After having spent two and a half hours enjoying the fantastic views at the top of the ridge above the Meat Cove Brook valley, it was time to descend. Accordingly, I set out for the col and then climbed up to the summit of Meat Cove Mountain and down to the end of the trail just above the rock face visible from the village below (see here for the classic view). From below, one does not realize that the summit is well above the rock face because that face conceals it from below. The views from the end of the trail are spectacular, though not so wide-ranging as those from the ridge above the col; one also has to position oneself very carefully here, so as not to get too close to the edge and but not yet be blocked by the trees and brush at the end of the trail.
That it is possible to do so can be seen in photo #1, a wide-angle shot across the rocks of the rock face in the foreground looking at the village down below. Those rocks are very impressive in their own right, but one’s eyes quickly move to the area below. The new bridge on the Meat Cove Road over Meat Cove Brook that replaces the one destroyed by the 2010 flash flood is at the far left of the photo; a new parking area now sits beside the bridge across from the Meat Cove Family Restaurant and Internet Café. The rubble and debris left by the 2010 flood can be seen along the banks of the Meat Cove Brook as it wends its way through the village; the section of Meat Cove Road beyond the green-roofed building was seriously undermined by the flood and has since been restored with fill anchored in place by huge boulders quarried from Black Point along its sides. The Meat Cove Campground and the beach area are along the shore in the upper centre of the photo. Hines Oceanview Lodge is at the upper right of the photo, perched above the 90° turn in the Meat Cove Road seen there, with magnificent views over the village below. The line through the trees seen in the upper centre and continuing to the right is made by the brook which the Meat Cove Mountain Trail follows up its eastern flank.
Photo #2 is a telephoto view of the village’s shore line. Two RV’s and a tent are at the campground at this hour in the mid-afternoon; the red picnic tables for the use of campers are scattered all across the grounds, which sit roughly 40 m (130 ft) above the waters below (see this view from Black Point for a better perspective of the campground’s siting). Four rental cabins are above the white house in the lower part of the photo and to the left of the dual-track road. The beach area has been cleaned up and restored, though it is considerably changed from before the flood, and the bridge to the beach (hidden here by the slope on the south side of the brook) has been rebuilt. The storage shed that was there has not yet been reconstructed, but its foundations are still there; I do not know whether there are any plans to replace it. The presence of lobster trap floats in the waters indicate that this is an active lobstering area, though the boats which fish it are all berthed at the Bay St Lawrence marina.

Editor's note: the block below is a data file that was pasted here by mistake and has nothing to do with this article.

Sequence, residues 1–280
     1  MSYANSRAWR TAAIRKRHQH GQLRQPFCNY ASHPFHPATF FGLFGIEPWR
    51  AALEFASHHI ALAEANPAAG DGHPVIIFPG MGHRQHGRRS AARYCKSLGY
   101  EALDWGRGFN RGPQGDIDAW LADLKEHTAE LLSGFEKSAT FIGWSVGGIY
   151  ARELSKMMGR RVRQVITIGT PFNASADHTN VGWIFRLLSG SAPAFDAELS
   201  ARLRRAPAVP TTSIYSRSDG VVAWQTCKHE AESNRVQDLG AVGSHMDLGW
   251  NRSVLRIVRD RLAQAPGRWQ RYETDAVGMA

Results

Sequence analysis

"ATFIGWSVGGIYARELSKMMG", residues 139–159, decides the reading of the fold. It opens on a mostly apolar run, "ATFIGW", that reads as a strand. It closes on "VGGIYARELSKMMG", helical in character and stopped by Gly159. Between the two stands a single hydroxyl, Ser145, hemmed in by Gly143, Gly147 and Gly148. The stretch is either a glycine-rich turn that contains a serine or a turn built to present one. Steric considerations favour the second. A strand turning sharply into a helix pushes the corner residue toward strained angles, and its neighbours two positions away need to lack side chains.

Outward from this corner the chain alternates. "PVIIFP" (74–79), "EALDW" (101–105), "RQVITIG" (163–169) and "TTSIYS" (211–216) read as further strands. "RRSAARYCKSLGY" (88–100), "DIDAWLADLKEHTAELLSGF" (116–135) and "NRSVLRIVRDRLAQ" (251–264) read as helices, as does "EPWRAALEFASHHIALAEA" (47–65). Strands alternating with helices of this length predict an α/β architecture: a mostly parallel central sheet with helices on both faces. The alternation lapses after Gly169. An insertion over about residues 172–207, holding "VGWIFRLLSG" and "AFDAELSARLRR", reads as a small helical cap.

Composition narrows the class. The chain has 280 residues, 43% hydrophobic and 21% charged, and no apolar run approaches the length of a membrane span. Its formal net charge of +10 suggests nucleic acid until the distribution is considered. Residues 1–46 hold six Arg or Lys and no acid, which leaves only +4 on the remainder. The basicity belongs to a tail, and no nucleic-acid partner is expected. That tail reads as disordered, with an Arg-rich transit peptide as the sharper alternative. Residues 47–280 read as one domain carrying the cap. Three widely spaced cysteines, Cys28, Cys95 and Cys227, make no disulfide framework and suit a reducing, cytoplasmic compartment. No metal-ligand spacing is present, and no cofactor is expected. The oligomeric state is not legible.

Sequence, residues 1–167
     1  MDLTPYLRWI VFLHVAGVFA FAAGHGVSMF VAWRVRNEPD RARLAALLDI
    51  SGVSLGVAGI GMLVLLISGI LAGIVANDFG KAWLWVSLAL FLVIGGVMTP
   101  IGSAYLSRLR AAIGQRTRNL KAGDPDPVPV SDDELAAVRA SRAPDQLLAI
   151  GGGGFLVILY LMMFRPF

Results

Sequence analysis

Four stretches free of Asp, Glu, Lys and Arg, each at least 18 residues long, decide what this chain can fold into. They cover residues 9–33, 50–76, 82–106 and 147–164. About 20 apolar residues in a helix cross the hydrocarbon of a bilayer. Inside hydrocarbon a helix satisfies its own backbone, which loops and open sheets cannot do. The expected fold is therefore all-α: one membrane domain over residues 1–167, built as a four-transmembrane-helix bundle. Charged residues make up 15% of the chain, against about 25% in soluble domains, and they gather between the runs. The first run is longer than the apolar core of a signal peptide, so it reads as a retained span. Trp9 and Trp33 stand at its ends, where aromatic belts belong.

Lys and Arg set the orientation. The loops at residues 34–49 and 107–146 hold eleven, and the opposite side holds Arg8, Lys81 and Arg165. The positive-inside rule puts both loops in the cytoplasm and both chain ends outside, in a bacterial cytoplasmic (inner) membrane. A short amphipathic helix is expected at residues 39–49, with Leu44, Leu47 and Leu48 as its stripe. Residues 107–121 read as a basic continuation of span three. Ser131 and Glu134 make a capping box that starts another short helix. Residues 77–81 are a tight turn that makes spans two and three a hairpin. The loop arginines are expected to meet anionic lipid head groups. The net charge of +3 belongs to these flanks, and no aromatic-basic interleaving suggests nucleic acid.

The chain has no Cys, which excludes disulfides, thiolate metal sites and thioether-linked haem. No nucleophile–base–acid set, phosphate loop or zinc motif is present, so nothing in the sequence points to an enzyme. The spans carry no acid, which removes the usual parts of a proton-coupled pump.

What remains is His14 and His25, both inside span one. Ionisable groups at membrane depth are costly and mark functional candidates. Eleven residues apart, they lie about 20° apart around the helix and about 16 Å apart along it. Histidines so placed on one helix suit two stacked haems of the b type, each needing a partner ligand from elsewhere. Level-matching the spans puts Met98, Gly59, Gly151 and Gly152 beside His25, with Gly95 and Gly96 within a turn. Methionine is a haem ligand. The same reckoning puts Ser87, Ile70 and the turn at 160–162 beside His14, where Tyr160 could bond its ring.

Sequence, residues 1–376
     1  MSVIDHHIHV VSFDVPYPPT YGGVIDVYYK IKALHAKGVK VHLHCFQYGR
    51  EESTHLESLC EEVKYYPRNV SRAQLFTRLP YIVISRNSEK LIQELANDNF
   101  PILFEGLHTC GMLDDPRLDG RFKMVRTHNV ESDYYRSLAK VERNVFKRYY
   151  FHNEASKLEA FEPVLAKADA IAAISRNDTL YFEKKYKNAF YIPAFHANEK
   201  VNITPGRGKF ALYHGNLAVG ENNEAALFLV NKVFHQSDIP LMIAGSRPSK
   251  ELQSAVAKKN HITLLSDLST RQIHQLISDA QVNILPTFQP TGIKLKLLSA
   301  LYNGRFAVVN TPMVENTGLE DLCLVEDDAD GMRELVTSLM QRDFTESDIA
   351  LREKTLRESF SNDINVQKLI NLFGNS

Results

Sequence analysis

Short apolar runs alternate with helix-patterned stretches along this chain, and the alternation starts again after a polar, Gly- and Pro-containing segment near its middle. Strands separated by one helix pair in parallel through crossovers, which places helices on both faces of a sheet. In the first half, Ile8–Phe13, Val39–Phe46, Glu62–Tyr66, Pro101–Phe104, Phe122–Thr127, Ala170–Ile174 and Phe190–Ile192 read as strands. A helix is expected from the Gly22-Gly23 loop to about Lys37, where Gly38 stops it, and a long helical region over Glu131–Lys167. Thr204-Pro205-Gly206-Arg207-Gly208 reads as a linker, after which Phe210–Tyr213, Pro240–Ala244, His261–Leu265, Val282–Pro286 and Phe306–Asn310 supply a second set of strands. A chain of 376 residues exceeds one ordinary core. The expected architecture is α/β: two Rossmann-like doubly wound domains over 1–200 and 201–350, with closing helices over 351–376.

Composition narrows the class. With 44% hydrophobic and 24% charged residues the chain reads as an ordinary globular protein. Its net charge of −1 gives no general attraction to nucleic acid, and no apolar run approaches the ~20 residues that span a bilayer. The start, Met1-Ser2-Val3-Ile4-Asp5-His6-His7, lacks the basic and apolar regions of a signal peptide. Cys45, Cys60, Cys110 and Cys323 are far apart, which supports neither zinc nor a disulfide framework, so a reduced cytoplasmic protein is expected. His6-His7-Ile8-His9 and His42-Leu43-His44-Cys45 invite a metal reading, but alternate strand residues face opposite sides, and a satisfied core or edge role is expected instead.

Photo #3 was shot before I found the unencumbered vantage point and so has trees in the foreground that do not get too much in the way, fortunately as I have no other photo of this area that is as good. The view is of the Cape Breton Highlands slopes that rise to the north of the village and of the slope that descends to the water and ends in Blackrock Point, the westernmost edge of the waters known as Meat Cove. In the upper centre of the photo on that slope is the prominence called Little Grassy, to which a hiking trail leads with fine views of the coast in both directions.
If you follow Meat Cove Road past the campground, you will see that it curves sharply inland and starts uphill, ending at a house at the end of the road. At that point, the trail that leads to Cape St Lawrence and to Lowland Cove starts up the mountainside; you can see by the line in the trees the path that it (or the brook alongside which it runs–I’m not sure which) takes from that house as it ascends and you can see the path itself in the cut left of centre; the Fraser Trail, which begins at the bridge beside the Meat Cove Family Restaurant, meets the trail at the bottom of that cut.
You can branch off the Cape St Lawrence/Lowland Cove Trail to the Meat Cove Look-Off Trail, which leads to the open areas atop the nearer ridge seen across the Meat Cove Brook valley in photo #4, known as the Meat Cove Look-Off, which is directly across from the rock face on Meat Cove Mountain itself. The views from the look-off are very similar to those from Meat Cove Mountain and the trail is considerably less steep than the Meat Cove Mountain Trail. The Cape St Lawrence/Lowland Cove Trails run below and on the far side of the furthest ridge you can see in the centre of this photo.
Photo #5, like the others on this page, was taken from just beside the rock face of Meat Cove Mountain; unlike the others, it looks back up towards the summit of Meat Cove Mountain. As you can see, the rock face hides a considerable part of the bulk of the mountain when seen from below! One has to descend a good ways to reach the rock face at the end of the trail.
I hope you have enjoyed these photos from Meat Cove Mountain as much as I enjoyed myself once I got up there. It is a steep climb, but oh so rewarding on a clear day once you have made it up there!